On March 23, 2001, when Temple University men’s basketball edged out Penn State in the third round of the NCAA tournament, people piled into the newly opened campus bar, the Draught Horse Pub & Grill.
“Having an absolutely packed, you know, sold-out atmosphere for a tournament and away game at a time when people rarely came to the campus and nobody really lived ‘round here, that was a pretty cool moment,” said Mike Frost, a 2002 criminal justice alumnus and general manager of Draught Horse.
Draught Horse, located on Cecil B. Moore Avenue and 15th Street, announced it is closing on Feb. 21. After 20 years of serving the Temple community, students and alumni are sad to see a restaurant where many met for drinks and created memories close its doors.
The restaurant is closing permanently, as they were not able to secure a long-term lease from Temple, who owns the building, The Temple News reported.
“It’s always something you think about when your lease is coming to an end, something that weighs on people’s minds, with the pandemic and everything,” Frost said. “It wasn’t like it was fresh and sudden, it felt like something we kind of knew was a possibility.”
When he was a student, Josh Verlin, a 2012 broadcast journalism alumnus, met his dad in the booths of Draught Horse for lunch and ordered burgers together.
Verlin isn’t shocked that the Draught Horse is closing because the past year was tough for many restaurants and bars, but he’ll be sad to see it go, he said.
“Even for those of us Temple students who weren’t big drinkers, the Draught Horse was a cornerstone of the campus,” Verlin said. “It was always vibrant and buzzing like a great college bar should be.”
As of Dec. 7, 2020, 17 percent of restaurants in the U.S., or more than 110,000 establishments, had closed permanently or long-term due to the COVID-19 pandemic, according to the National Restaurant Association.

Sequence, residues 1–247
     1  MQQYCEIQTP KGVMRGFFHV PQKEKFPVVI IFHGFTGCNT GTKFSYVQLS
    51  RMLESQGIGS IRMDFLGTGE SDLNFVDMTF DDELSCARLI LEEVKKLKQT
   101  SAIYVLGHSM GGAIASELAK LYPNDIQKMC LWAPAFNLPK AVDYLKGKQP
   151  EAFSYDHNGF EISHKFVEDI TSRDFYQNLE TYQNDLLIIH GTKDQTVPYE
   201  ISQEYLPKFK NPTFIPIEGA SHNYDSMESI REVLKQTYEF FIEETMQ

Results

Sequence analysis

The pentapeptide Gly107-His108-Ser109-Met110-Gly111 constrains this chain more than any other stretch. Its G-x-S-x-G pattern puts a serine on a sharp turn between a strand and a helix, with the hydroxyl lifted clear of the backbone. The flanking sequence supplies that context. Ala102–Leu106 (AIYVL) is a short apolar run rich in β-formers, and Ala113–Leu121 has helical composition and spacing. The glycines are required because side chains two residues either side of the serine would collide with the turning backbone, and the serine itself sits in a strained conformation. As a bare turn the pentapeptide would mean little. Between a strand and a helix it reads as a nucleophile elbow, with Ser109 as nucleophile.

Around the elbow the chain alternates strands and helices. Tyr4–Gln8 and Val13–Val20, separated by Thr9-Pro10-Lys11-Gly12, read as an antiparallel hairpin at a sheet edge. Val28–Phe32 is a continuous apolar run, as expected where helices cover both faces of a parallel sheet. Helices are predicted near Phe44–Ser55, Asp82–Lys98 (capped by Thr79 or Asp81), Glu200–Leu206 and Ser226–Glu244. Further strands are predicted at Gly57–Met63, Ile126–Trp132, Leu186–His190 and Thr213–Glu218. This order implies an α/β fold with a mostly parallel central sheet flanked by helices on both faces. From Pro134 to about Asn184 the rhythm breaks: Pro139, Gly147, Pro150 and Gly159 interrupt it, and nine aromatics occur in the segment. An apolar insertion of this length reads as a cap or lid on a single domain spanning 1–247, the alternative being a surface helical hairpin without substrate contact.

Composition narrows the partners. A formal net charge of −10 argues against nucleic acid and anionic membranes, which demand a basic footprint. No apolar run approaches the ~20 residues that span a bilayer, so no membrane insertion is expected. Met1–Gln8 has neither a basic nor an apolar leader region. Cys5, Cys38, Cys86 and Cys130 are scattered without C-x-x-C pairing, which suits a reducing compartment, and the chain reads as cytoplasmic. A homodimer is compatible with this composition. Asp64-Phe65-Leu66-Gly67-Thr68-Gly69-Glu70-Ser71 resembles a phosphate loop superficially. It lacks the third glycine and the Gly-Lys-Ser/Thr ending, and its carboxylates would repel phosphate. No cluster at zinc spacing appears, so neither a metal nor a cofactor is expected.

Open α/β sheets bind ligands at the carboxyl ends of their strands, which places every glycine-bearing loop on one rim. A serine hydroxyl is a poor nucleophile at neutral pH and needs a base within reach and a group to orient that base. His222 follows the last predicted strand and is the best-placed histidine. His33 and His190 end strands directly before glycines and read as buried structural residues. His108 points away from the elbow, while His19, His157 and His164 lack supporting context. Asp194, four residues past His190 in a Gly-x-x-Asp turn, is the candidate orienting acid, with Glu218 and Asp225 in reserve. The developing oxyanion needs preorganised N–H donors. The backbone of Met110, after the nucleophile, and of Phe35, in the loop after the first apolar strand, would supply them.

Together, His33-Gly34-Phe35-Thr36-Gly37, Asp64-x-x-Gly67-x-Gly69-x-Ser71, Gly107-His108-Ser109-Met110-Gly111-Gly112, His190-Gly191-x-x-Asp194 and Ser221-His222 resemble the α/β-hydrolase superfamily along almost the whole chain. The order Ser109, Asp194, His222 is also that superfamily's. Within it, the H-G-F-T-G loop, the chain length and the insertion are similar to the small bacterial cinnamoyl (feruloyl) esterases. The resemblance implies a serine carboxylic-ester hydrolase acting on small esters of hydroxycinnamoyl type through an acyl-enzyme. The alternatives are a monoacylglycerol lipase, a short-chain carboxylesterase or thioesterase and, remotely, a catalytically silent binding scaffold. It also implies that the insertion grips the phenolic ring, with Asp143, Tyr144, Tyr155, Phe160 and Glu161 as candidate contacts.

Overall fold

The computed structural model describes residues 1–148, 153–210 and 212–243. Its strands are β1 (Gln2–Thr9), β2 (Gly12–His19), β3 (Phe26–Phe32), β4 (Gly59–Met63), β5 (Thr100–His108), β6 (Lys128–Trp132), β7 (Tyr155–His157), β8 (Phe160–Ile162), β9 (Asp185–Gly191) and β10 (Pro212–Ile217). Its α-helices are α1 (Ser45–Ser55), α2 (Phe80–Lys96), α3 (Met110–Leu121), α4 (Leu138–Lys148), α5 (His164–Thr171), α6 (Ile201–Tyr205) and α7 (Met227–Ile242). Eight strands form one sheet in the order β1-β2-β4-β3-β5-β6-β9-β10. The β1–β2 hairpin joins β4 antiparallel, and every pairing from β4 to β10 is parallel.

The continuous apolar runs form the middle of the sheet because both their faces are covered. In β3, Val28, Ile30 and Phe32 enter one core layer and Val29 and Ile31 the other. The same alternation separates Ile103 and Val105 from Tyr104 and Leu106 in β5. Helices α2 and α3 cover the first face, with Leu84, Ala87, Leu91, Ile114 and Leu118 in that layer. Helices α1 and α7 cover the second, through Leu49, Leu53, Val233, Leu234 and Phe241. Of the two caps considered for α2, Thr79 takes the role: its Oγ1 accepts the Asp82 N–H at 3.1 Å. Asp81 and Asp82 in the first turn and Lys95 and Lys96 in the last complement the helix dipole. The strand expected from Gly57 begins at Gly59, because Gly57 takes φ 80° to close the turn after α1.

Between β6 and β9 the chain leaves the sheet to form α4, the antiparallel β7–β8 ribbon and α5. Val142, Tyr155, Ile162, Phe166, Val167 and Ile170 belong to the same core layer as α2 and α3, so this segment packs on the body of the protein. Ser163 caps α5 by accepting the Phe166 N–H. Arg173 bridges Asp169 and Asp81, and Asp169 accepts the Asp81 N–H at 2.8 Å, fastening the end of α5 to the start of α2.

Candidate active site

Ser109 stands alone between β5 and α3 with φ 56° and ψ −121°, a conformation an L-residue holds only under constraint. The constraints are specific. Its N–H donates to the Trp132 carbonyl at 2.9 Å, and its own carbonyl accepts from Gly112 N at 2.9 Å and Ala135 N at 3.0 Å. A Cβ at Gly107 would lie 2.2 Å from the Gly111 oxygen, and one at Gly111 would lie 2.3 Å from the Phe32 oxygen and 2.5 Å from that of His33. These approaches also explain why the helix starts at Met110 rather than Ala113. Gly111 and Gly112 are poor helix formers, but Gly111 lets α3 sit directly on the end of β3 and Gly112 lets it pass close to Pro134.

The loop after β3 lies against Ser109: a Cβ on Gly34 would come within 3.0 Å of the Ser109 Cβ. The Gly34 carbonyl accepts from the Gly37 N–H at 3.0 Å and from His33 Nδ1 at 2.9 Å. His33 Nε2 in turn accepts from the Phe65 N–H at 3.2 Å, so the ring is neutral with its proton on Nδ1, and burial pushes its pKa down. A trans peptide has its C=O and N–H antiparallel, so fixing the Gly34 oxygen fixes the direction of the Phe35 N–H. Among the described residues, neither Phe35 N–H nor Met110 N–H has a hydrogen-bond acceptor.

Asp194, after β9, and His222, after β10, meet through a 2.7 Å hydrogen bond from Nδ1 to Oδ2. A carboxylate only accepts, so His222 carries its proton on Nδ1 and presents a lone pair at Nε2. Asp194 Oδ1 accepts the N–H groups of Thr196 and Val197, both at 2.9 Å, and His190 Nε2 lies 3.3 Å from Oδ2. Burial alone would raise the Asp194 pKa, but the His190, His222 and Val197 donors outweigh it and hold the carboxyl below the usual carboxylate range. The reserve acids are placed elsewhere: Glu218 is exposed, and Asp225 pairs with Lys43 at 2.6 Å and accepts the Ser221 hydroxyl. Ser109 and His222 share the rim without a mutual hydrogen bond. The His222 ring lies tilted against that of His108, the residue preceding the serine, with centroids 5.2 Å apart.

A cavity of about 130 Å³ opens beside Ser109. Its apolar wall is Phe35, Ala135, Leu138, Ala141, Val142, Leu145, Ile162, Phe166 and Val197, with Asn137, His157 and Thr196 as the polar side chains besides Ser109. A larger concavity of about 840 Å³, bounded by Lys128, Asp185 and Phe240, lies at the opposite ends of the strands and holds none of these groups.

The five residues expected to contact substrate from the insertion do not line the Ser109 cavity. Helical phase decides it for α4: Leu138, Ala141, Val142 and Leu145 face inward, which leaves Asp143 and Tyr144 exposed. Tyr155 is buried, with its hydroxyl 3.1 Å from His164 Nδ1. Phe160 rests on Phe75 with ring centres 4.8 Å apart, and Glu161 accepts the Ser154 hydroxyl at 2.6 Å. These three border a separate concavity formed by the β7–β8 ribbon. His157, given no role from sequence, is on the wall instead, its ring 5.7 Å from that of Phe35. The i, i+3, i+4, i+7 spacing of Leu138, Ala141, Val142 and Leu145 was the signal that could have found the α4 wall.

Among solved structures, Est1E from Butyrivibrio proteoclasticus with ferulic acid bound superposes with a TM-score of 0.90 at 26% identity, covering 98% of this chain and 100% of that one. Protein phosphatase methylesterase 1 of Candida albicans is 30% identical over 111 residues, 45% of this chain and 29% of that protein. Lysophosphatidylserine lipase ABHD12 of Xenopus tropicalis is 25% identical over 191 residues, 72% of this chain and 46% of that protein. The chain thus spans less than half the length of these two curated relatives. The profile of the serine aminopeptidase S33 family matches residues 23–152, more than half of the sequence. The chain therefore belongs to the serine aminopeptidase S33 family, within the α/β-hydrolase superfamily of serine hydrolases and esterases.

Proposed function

Kurt Gibson Jr., a DJ who frequently played at the Draught Horse, said the bar’s staff members were dedicated to making sure Temple students and community members had a great experience every time they came to the restaurant, he said.
“I’m positive that the owner, the bartenders, security and everyone involved has put their entire emotion and well-being into bringing a room to life over the past two decades,” Gibson Jr. said. “I am lucky to say I had the pleasure to be included and involved.”
Meredith Gibson, a sophomore psychology major, hasn’t visited Draught Horse yet, but feels like it’s special because it seems like a tradition for students to go there, she said.
“I’m kind of sad that it’s closing because now I won’t ever have the chance to go,” Gibson added.
Julia Eustace ate at Draught Horse with her parents when they dropped her off at campus or when her parents came to visit. She always ordered her favorite menu item, the grilled chicken caesar wrap and fries, she said.
Eustace, a freshman undeclared business major, is disappointed to see the Draught Horse closing because it takes away an option from the already small selection of restaurants around campus, she said.
“It’s like a restaurant desert out here, compared to like, Center City,” she said. “If they want bar food, I don’t know where else they can get that around here.”
Lee’s Hoagie House, a sandwich shop previously located on Cecil B. Moore Avenue near 15th Street, permanently closed in December 2020, and Pazzo Pazzo, a pizzeria located on Cecil B. Moore Avenue near Willington Street, filed for bankruptcy in October 2020, The Temple News reported.
Sam Zeller, a senior communication studies major, worked at Draught Horse from August 2018 to March 2020, when the managers began scheduling fewer bartenders and servers because COVID-19 decreased business.
Serving at Draught Horse was the best job she’s ever had, and leaving felt like leaving a community of close friends, Zeller said.
Zeller has seen people posting memories from Draught Horse on Instagram, which brings back memories for her from her time working there. She’s upset she won’t be able to participate in Draught Horse traditions, like Fifty Cent Friday or Wild Wednesday, Zeller said.
“All the memories and stuff like it really just reminded me and like solidified how much the Horse means to literally everybody at Temple,” Zeller said. “It was like really bittersweet to watch all of them.”
While Frost is upset that Draught Horse is closing, he is more sad that students, faculty, staff and community members won’t have a place to go for lunch, meetings or happy hours, he said.
“I knew we were so much more than the bar everybody knew about on a Wednesday night,” Frost added. “We were a bonafide restaurant, a place that parents felt comfortable coming to dinner with their kids when we visited campus. I feel bad for everyone that used us for those things, that will never have that exact chance again.”